On Friday, a US district judge ruled in favor of book publishers suing the Internet Archive (IA) for copyright infringement. The IA’s Open Library project—which partners with libraries to scan print books in their collections and offer them as lendable e-books—had no right to reproduce 127 of the publishers’ books named in the suit, judge John Koeltl decided.
IA’s so-called “controlled digital lending” practice “merely creates derivative e-books that, when lent to the public, compete with those [e-books] authorized by the publishers,” Koeltl wrote in his opinion.
Publishers suing—Hachette, HarperCollins, Penguin Random House, and Wiley—had alleged that the Open Library provided a way for libraries to avoid paying e-book licensing fees that generate substantial revenue for publishers. These licensing fees are paid by aggregators like OverDrive and constitute a “thriving” market that IA “supplants,” Koeltl wrote. Penguin’s e-book licensing generates $59 million annually, for example.
IA did not dispute that it created an alternate path but disputed that it impacted publishers’ e-book licensing. In 2021, IA partnered with 62 libraries, including 13 public libraries, specifically to provide an alternate path for digital lending without paying licensing fees, which are determined through contracts that must be renewed frequently and can be changed at publishers’ whims. In court documents, IA argued that rather than cutting into publishers’ library e-book licensing revenues, the Open Library helped promote books, and that practice ended up generating more licensing revenues for publishers in recent years, as thousands of IA borrowers widely recommended books they read. IA also argued that OverDrive checkouts did not increase when IA stopped lending the disputed books in the lawsuit.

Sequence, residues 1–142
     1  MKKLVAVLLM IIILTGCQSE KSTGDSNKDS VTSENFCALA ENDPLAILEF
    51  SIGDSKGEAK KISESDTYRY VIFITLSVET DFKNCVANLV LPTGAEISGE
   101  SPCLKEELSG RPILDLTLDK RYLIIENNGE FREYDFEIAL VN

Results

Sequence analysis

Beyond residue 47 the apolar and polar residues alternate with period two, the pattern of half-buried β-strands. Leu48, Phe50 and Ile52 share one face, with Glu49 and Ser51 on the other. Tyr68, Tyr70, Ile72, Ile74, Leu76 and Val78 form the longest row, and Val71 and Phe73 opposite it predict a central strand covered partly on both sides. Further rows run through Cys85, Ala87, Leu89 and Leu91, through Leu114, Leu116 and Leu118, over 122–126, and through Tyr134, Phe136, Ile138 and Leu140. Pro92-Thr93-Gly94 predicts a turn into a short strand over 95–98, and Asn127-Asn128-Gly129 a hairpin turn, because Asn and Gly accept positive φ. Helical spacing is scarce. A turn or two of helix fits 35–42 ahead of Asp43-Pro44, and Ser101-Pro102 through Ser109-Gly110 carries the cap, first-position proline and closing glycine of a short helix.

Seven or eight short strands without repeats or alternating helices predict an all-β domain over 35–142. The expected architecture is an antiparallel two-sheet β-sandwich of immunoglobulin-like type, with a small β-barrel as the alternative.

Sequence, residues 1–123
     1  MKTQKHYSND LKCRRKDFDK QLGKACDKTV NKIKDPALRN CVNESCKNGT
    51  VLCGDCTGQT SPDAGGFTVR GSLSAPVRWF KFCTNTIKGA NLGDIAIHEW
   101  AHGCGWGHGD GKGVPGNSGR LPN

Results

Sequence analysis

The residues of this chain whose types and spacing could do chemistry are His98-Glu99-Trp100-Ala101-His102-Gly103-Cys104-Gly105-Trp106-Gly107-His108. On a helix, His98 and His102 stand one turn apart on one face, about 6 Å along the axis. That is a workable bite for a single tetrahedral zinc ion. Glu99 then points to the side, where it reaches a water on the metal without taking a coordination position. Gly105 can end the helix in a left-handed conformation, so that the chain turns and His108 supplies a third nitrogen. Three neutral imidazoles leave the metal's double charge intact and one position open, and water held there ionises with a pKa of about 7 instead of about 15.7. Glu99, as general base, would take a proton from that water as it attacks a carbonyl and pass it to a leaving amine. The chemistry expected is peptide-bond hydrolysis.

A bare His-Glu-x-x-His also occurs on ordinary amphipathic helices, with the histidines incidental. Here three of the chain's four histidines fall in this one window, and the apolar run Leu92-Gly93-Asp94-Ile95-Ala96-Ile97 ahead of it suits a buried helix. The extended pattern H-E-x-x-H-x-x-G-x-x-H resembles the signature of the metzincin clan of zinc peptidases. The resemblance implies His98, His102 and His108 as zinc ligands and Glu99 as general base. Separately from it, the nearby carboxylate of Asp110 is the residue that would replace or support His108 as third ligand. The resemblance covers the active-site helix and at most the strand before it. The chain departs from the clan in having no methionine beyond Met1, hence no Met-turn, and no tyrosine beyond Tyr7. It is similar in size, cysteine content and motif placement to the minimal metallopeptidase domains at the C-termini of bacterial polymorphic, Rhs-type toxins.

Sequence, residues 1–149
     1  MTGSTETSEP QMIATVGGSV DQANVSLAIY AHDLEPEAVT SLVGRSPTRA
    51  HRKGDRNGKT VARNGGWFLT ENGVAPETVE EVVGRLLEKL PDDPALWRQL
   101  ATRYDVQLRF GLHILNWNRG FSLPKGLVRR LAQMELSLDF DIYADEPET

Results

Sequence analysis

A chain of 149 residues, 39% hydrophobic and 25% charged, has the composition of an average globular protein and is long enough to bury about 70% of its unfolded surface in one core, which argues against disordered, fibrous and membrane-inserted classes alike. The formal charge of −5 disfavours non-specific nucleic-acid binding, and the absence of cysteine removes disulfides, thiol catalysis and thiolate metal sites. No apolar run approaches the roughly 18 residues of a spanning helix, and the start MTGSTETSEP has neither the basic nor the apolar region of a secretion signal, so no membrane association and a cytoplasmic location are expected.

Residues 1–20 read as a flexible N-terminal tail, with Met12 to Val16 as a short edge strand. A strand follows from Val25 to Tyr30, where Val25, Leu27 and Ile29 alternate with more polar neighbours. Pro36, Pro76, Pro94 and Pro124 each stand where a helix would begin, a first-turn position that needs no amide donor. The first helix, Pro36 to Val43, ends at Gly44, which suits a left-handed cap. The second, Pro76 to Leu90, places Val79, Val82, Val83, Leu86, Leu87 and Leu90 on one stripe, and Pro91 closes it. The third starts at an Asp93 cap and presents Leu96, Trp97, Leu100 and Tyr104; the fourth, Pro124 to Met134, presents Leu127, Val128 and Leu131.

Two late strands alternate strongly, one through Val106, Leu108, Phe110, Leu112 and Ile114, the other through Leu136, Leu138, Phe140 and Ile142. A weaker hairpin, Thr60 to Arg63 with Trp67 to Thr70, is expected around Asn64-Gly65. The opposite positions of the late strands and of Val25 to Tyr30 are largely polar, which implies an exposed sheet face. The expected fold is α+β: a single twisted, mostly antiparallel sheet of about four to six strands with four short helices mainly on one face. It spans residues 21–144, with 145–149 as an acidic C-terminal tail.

These arguments failed, because Koeltl said that none of these “positive financial indicators” served as proof that publishers weren’t harmed by IA’s Open Library digital lending system.
Publishers are seeking statutory damages and have asked for a judgment that would directly declare that IA’s copying constitutes clear infringement. Ars couldn’t immediately reach the publishers’ lawyer for comment.
IA has asked for statutory damages to be waived, but Koeltl said that request is premature. Now, IA plans to appeal, its director of open libraries, Chris Freeland, wrote in a blog entitled “the fight continues.”
“We will be appealing the judgment and encourage everyone to come together as a community to support libraries against this attack by corporate publishers,” Freeland wrote.
Why IA’s fair use argument has so far failed
In his opinion, Koeltl held that book publishers obtain “exclusive rights to publish books in print and digital formats.”
IA had argued that because libraries had already paid licensing fees for print copies, scanning those print copies and then limiting lending on print copies in a one-to-one ratio constituted a transformative fair use. The copying of the books was incidental, IA argued, and necessary to make print copies more accessible to library patrons.
This controlled digital lending, IA argued, “is especially helpful for patrons who live far from a brick-and-mortar library, patrons seeking a book not available from their local library, patrons with disabilities that make it difficult to hold or read print books, and patrons who want brief or spontaneous access to books and for whom it would not be worth a trip to a brick-and-mortar library.”
But Koeltl said there was “nothing transformative” about IA’s digital lending practices—which he decided “violated the publishers’ reproduction” and “display rights”—in part because IA’s “derivative works” were made available to the general public without providing “criticism, commentary, or information.”
“IA distorts the way courts have treated utility-expanding transformative uses,” Koeltl wrote. “Far from providing information about the Works in Suit, IA’s e-books merely replace those authorized by the publishers.”